By: David Jarrard
Your board may be a powerful untapped resource who can help you tackle the significant reputational issues facing every healthcare provider today. And any help is welcome these days.
You know the story. Healthcare’s halo is slipping. Fresh surveys (including ours) tracking the public’s decline in trust in every institution seem to appear every month. This reputation erosion has bottom-line consequences.
Your board – that small group entrusted to advise and guide your enterprise – is unique in your organization and in the community you serve. They can be compelling allies in this work, fiercely advocating and engaging community opinion leaders in ways vested healthcare staff cannot.
Who’s going to nudge them? A version of the following appears in the November E-briefing Newsletter from The Governance Institute, which is dedicated to serving not-for-profit health system boards and leaders across the US. If your board members haven’t received their copy yet, consider sliding this one under their door.
The powerful goodwill that largely shielded hospitals and health systems from rocking political waves and funding challenges over the last century is steadily eroding. The generous assumption that hospitals and health systems are operating in a manner consistent with their stated mission can no longer be taken for granted.
In the face of an onslaught of scrutiny and criticism from private and government voices, only 51 percent of Americans now believe hospitals and health systems are meeting the needs of their community, and the majority say hospitals are more focused on making profits than treating patients, according to our firm’s research.
A health system’s ability to command appropriate reimbursement from government and private payers, protect its market share and leverage its strength in workforce discussions is facing material challenges. Left unchecked, a health system’s ability to determine its own future and the delivery of care in its community is in question.
As an industry, there is urgent work to do and board members have a vital and unique role to play in it. Left unchecked, a health system’s ability to determine its own future and the delivery of care in its community is in question.
Four Hot Buttons
Let’s look at four of the most heavily scrutinized issues today and the challenges they pose.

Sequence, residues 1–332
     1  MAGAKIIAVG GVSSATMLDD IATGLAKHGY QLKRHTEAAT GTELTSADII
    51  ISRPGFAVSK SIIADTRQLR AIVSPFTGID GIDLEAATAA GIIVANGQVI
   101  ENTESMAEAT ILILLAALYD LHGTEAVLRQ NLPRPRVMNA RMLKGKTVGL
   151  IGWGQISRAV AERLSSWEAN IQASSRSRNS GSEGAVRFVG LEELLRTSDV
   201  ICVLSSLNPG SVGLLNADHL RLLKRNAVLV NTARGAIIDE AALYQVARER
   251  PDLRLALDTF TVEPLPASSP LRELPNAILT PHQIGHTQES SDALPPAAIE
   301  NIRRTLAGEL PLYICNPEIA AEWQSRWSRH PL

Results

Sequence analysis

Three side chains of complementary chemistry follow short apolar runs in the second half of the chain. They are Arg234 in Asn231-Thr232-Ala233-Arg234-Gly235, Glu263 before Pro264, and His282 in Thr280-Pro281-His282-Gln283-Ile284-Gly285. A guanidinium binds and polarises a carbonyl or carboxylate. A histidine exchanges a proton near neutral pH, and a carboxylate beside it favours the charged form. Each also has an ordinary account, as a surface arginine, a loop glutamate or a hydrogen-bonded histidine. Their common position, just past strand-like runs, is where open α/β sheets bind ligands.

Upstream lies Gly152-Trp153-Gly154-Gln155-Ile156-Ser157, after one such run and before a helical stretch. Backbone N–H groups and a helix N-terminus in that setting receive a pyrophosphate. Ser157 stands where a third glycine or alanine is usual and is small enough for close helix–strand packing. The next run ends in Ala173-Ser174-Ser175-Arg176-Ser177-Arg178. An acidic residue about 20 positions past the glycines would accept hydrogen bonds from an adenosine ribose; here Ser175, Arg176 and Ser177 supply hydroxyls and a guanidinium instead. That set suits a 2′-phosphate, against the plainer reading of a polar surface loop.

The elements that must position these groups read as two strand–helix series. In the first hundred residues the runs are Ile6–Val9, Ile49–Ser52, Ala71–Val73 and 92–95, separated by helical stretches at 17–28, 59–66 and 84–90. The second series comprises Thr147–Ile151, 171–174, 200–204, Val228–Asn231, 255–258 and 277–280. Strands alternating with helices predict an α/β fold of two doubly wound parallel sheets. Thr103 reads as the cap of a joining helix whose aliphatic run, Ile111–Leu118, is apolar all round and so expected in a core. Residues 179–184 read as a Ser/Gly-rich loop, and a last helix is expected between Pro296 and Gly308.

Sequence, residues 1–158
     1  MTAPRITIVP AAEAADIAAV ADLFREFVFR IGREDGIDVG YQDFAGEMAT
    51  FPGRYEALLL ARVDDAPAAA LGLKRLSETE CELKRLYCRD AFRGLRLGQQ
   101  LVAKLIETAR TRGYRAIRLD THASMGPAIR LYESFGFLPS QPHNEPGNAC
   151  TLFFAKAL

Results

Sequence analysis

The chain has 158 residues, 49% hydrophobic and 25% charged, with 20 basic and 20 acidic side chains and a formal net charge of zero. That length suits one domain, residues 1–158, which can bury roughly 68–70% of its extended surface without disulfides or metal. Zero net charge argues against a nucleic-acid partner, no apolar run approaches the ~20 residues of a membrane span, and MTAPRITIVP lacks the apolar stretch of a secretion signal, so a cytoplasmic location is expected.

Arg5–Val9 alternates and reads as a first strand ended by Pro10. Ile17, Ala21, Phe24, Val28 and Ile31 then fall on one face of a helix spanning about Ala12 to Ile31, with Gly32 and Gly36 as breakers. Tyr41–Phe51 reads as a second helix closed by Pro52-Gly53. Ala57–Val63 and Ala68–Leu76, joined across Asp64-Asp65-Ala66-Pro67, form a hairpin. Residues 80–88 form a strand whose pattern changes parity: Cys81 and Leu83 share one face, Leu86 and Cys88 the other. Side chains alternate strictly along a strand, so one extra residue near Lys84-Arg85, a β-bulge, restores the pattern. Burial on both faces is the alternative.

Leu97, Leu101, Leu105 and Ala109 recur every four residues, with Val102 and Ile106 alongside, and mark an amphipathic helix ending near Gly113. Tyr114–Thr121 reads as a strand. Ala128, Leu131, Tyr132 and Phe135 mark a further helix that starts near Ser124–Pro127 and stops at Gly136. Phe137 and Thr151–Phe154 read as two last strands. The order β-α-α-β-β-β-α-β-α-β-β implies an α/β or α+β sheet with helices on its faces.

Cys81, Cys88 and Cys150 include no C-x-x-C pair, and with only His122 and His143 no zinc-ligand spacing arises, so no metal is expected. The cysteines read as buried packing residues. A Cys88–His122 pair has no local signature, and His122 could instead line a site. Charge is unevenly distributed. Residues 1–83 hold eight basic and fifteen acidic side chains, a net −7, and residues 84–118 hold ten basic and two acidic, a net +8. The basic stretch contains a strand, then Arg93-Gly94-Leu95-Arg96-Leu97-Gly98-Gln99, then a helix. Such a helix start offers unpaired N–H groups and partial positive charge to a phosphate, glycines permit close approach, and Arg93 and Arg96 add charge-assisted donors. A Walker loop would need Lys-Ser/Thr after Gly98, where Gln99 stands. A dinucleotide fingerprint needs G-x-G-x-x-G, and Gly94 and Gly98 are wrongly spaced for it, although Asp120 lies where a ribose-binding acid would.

Community Benefit and Tax-Exempt Status: Watch Your Language
Lawmakers, media and advocacy groups are challenging the tax-exempt status of many not-for-profit providers. These voices make the assertion that the value of a hospital’s tax breaks should equal the dollar amount of the charity it provides, using a narrow definition of charity that is less than, well, charitable to healthcare systems.
As such, boards, leadership and marketing teams need to reframe how they view terms such as “value,” “quality” and “experience.” They also need to sharply define “charity care” itself. Those words often mean different things in the public’s mind than they do in your finance committee. The public may define “quality” as “my own experience or relationship with a provider,” “patient experience” as “how I’m treated when I press the call button or when it’s time to pay my bill” and “community benefit” as “the amount of free care provided.”
Encourage your leadership team to start your communications, marketing messages and even community benefit reports using the language and perspective of your patients. Begin with your vocabulary. A common language is the first step to finding common ground.
Billing and Cost of Care: Educate and Review Processes
The high cost of care is one of the nation’s leading political issues. National media regularly seek out and expose health system bills and collection processes. The anger and pain expressed in many stories are justified when viewed from the patient’s perspective, compelling lawmakers to be more aggressive in their efforts to do something about the cost of care.
Encourage your leadership to review your organization’s billing and collections practices—to know well and accurately how your organization (and its contractors) is handling all aspects of billing—and then, ensure those practices are aligned with your mission. If you’re not sure if your organization is suing the poor and vulnerable for a handful of dollars, find out and address it.
Board members can be active voices in educating the public—through the media, conversations with lawmakers and in one-on-one conversations—about how the finances of healthcare work. It is vital to connect the dots between policies like 340B and how changes to reimbursement and billing affect the viability of provider organizations. The point is not to shift blame or to play the victim, but to communicate clearly about how the pieces fit together in an admittedly flawed system.
Partnerships and Consolidation: Share the “Why”
Consolidation is often necessary today, particularly for independent or rural hospitals at the crossroads of partnership or diminishment, if not closure. At the same time, consolidation is not a panacea, and it does at times lead to tradeoffs.